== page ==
Faith : a novel / Jennifer Haigh.

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  • Additional Information
    • Publication Information:
      1st ed.
    • Abstract:
      Summary: Sheila McGann is estranged from her complicated family. But when her older brother Art, pastor of a large suburban parish, finds himself at the center of a scandal, Sheila returns to Boston, ready to fight for him. Her strict mother lives in a state of angry denial; her younger brother Mike has already convicted his brother in his heart. But most disturbing of all is Art himself, who persistently dodges Sheila's questions and refuses to defend himself.
    • ISBN:
      9780060755805 (hbk.)
      0060755806 (hbk.)
    • Accession Number:
    • Accession Number:
    • Accession Number:
  • Citations
    • ABNT:
      HAIGH, J. Faith : a novel. 1st ed. [s. l.]: Harper, 2011. ISBN 9780060755805. Disponível em: Acesso em: 2 jul. 2020.
    • AMA:
      Haigh J. Faith : A Novel. 1st ed. Harper; 2011. Accessed July 2, 2020.
    • AMA11:
      Haigh J. Faith : A Novel. 1st ed. Harper; 2011. Accessed July 2, 2020.
    • APA:
      Haigh, J. (2011). Faith : a novel (1st ed.). Harper.
    • Chicago/Turabian: Author-Date:
      Haigh, Jennifer. 2011. Faith : A Novel. 1st ed. Harper.
    • Harvard:
      Haigh, J. (2011) Faith : a novel. 1st ed. Harper. Available at: (Accessed: 2 July 2020).
    • Harvard: Australian:
      Haigh, J 2011, Faith : a novel, 1st ed., Harper, viewed 2 July 2020, .
    • MLA:
      Haigh, Jennifer. Faith : A Novel. 1st ed., Harper, 2011. EBSCOhost,
    • Chicago/Turabian: Humanities:
      Haigh, Jennifer. Faith : A Novel. 1st ed. Harper, 2011.
    • Vancouver/ICMJE:
      Haigh J. Faith : a novel [Internet]. 1st ed. Harper; 2011 [cited 2020 Jul 2]. Available from:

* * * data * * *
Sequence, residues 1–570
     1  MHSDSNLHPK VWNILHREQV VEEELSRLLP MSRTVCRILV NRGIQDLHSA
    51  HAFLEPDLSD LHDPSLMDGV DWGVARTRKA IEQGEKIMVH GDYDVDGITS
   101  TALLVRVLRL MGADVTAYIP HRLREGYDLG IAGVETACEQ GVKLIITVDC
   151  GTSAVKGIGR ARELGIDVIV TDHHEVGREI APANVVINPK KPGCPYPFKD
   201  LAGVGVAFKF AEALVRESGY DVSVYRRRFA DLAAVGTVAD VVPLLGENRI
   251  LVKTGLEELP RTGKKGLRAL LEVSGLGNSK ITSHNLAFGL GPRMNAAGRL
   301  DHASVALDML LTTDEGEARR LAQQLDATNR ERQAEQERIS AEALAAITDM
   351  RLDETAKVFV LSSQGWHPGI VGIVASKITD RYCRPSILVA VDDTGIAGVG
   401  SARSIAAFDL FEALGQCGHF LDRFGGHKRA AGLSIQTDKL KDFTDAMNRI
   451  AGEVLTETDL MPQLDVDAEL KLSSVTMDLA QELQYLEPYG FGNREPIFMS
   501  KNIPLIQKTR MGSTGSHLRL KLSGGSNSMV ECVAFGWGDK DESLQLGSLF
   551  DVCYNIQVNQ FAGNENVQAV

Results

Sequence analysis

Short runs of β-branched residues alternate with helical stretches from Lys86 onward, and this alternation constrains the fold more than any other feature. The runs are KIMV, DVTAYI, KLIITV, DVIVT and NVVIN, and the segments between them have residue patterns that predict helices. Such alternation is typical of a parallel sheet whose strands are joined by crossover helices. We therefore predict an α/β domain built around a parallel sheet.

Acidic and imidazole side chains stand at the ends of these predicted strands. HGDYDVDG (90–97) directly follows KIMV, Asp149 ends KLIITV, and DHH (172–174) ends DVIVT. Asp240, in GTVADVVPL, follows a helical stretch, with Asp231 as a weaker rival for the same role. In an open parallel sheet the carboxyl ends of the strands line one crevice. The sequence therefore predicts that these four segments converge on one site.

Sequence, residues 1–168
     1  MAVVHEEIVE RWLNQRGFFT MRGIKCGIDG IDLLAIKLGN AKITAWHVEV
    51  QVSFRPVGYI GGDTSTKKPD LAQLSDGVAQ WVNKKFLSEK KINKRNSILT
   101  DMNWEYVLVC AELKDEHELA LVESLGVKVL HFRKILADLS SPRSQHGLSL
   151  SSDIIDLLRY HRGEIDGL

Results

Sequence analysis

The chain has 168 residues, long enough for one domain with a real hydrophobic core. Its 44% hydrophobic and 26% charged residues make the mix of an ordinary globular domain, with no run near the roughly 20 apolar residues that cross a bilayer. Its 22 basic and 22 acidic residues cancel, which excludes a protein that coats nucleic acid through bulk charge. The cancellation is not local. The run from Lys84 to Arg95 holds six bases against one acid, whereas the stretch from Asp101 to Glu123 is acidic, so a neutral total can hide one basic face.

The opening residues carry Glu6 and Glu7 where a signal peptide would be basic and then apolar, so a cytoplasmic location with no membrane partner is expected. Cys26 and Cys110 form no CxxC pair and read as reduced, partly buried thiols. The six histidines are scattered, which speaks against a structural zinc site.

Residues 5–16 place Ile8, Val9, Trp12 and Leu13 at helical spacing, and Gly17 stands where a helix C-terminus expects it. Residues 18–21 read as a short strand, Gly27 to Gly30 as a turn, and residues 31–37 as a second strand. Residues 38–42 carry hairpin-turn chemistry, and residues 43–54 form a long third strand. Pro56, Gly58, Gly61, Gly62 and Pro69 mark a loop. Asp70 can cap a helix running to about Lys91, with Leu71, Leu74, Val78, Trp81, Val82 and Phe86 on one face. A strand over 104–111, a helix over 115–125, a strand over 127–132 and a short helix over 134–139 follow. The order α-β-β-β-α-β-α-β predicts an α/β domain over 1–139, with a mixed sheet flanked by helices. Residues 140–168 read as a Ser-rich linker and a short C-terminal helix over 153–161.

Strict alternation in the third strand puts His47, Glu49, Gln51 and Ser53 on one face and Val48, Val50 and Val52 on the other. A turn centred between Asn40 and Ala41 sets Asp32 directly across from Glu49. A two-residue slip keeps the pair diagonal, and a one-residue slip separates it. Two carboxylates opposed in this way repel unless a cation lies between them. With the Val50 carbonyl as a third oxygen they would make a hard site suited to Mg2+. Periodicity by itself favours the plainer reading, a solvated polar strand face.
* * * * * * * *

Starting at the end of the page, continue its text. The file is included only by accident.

Booklist Reviews 2011 April #1

*Starred Review* Father Arthur Breen has devoted his entire career as a priest in Boston's South Shore community to a life of quiet but determined faith, enthusiastically serving his parishioners while unobtrusively placating his superiors in the Catholic hierarchy. Only marginally involved with his own family—devout mother, alcoholic stepfather, go-getter half-brother, and contemplative half-sister—Breen takes an instant shine to eight-year-old Aidan, the emotionally fragile son of the rectory's housekeeper, and makes tentative arrangements to help Aidan's newly clean-and-sober mother, Kath, start a new life. So when a sex abuse scandal rocks the Boston archdiocese, everyone is shocked, though no one is exactly surprised, to learn that Kath has accused Father Breen of harming Aidan. Looking back on the tragedy, Breen's sister Sheila chronicles the events leading up to and beyond the incident, revealing a family shattered by profound secrets. With an exquisite sense of drama and mystery, Haigh delivers a taut, well-crafted tale that potently but subtly explores myriad gray areas within essential issues of truth and trust, punishment and absolution. Indelibly rendered characters, suspenseful pacing, and fearless but sensitive handling of a controversial subject will make this a must-read for book discussion groups. Copyright 2011 Booklist Reviews.

LJ Reviews 2010 December #1